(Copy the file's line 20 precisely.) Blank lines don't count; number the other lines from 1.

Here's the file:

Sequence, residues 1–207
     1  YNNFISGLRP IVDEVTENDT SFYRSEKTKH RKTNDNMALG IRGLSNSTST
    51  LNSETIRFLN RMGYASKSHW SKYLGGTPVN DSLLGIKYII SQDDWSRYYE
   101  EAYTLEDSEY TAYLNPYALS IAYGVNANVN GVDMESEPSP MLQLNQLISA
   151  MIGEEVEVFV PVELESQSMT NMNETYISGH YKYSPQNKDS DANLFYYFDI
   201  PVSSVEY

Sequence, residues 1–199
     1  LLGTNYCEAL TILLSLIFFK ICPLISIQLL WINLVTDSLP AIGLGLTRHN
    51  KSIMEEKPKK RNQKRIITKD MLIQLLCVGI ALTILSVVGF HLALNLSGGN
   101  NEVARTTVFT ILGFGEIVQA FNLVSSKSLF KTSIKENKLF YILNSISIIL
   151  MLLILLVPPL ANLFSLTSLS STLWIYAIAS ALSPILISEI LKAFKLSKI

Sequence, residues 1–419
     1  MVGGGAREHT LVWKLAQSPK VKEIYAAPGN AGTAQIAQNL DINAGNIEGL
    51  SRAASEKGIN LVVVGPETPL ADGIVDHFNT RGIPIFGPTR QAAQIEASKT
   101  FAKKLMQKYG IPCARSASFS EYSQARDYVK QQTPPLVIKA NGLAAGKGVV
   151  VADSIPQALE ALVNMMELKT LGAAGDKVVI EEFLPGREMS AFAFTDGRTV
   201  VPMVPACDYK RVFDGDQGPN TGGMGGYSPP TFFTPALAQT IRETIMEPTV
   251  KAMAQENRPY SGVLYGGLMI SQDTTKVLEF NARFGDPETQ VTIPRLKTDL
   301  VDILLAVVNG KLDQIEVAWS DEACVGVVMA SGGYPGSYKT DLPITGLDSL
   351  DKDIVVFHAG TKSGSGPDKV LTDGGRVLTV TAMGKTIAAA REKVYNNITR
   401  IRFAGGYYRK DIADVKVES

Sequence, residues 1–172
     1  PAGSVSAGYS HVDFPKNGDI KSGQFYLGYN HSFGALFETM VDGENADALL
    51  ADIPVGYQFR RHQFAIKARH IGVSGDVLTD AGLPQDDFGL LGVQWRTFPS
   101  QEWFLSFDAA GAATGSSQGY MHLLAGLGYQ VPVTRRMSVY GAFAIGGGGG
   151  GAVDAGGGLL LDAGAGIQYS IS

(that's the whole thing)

   351  DKDIVVFHAG TKSGSGPDKV LTDGGRVLTV TAMGKTIAAA REKVYNNITR